In 2019, nearly half the candidates who filed petitions faced objections, and about one-fifth of them were removed from the ballot. That year, 18 candidates withdrew.
Sometimes, the objections themselves are fraudulent. In one extreme case, an objection challenged signatures that didn’t even exist. In 2019, longtime 13th Ward Ald. Marty Quinn challenged the signatures of his opponent, 19-year-old college student David Krupa, by strong-arming voters to sign 2,796 affidavits revoking their signatures for Krupa, despite Krupa only submitting 1,729 signatures.
“That was the most outrageous challenge I’d ever seen,” said Dorf, who represented Krupa at the time. Krupa stayed on the ballot but lost by a 72-percentage-point margin to Quinn.
“Politics ain’t beanbag”
Challenging candidate nominating petitions is a tradition as old as Chicago politics.
“There’s a very famous saying … politics ain’t beanbag. And in Chicago, it’s hardball politics, and you have to be prepared to fail and fend off not only challenges but other problems,” said Simpson.
Examples abound of aldermen, many supported by the Democratic Party machine, who ran unopposed because all their challengers got booted off the ballot.
In 2003, longtime 7th Ward Ald. and machine ally Bill Beavers ran unopposed after one of his campaign workers, Irene Smith, successfully kicked off all six of Beavers’s challengers. In 2015, 12th Ward Ald. George Cardenas ran unopposed after two of his supporters successfully booted challenger and union organizer Pete DeMay from the ballot.
Mayoral race objections can get pretty heated, too. In Rahm Emanuel’s first run for mayor in 2011, his candidacy drew more than 30 objections, including one that spurred the notorious challenge to Emanuel’s Chicago residency.
The challenge argued Emanuel didn’t meet the residency requirement for Chicago mayor because of his time spent in Washington, D.C., as the White House chief of staff in the months leading up to the election. An appellate court ruled Emanuel was ineligible to run, but the decision was reversed by the Illinois Supreme Court, which found that Emanuel never displayed an intention to leave his permanent Chicago home when he took the Washington job. Overall, 2011 drew more than 400 objections — the most of any municipal election in the last 40 years. As Dorf recalls, it was a year that was “awful for all of us.”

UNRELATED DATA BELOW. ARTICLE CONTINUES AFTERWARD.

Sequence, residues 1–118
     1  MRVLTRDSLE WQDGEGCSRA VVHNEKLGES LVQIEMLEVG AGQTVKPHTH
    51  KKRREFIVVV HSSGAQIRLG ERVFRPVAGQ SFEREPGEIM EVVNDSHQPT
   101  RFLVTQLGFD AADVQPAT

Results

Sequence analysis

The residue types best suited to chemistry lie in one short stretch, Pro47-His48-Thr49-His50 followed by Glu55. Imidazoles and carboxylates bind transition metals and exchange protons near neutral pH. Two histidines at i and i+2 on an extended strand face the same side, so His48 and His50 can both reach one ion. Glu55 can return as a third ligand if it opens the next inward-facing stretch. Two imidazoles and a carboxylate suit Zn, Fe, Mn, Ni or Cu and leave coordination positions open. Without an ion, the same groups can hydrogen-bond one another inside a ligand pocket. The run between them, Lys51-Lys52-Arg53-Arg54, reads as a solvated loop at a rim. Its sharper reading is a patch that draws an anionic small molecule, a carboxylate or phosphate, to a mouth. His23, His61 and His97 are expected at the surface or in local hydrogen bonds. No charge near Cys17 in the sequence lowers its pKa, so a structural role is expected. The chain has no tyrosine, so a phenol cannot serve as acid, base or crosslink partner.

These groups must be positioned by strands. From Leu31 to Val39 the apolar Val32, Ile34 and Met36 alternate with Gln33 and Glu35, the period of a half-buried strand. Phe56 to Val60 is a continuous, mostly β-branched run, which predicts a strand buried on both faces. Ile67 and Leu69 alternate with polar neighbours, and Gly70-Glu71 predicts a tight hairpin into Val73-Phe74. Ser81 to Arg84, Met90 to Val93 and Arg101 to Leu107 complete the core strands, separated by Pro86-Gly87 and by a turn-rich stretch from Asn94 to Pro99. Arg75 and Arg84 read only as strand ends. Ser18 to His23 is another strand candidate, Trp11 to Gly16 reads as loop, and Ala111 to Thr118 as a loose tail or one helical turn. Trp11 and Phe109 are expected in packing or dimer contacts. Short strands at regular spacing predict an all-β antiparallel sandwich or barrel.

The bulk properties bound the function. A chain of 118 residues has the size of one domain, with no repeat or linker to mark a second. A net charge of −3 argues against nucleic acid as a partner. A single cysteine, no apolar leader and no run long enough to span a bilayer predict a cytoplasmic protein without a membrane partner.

Even former President Barack Obama used petition challenges to knock off all his rivals, including longtime Chicago activist and incumbent state Sen. Alice Palmer, to ease his path to claim a state Senate spot in 1996.
Police district candidates get objections, too
Despite being brand new, objectors didn’t shy away from the police district council races. A total of 29 objections were filed against candidates in more than half the city’s police districts.
The police district councils were created in a 2021 city ordinance after a yearslong effort to give civilians more oversight of the Chicago Police Department. In each of the city’s 22 police districts, three council members will be elected to serve as liaisons between the community and the police.
Most of the objections in police district council races cite routine matters like not having enough signatures or petition signers not living in the district.
But some objections take issue with how groups of candidates have filed, and the outcomes of those objections could impact how candidates run for police district councils in the future.
At stake in the 19th, 20th and 24th districts is whether groups of individuals seeking those council seats are allowed to file one set of nominating petition signatures representing three candidates as a slate rather than each candidate filing their own set of signatures on separate nominating petitions.
“The question is whether that’s allowable under both the election code and the ordinance that created these police district councils,” said Abbasi, who is representing objectors to the nominating petitions of three-person candidate slates seeking council seats in the 19th, 20th and 24th police districts. Mitchell D. Rose, the objector to the 24th district slate of candidates, is himself a candidate in the 24th district and supported by the Fraternal Order of Police, Abbasi said.
During a hearing for an objection to the slate of Maurilio Garcia, Jenny Schaffer and Sam Schoenburg running in the 19th district, their lawyer, Ed Mullen, argued “there is no limitation in the statute with respect to the ability to run as a slate on a single nominating petition.” Mullen also noted the slate’s combined nominating petition included more than three times the minimum number of signatures required to make the ballot in the 19th district.
“We certainly think that running together allows for greater representation and a better, stronger District Council that can do the public outreach work it’s designed to do,” said Schoenburg, who volunteered to get the police district council ordinance passed last year.
Amy Qin is WBEZ’s data reporter. Follow her @amyqin12. WBEZ’s Matt Kiefer and Mariah Woelfel contributed to this story.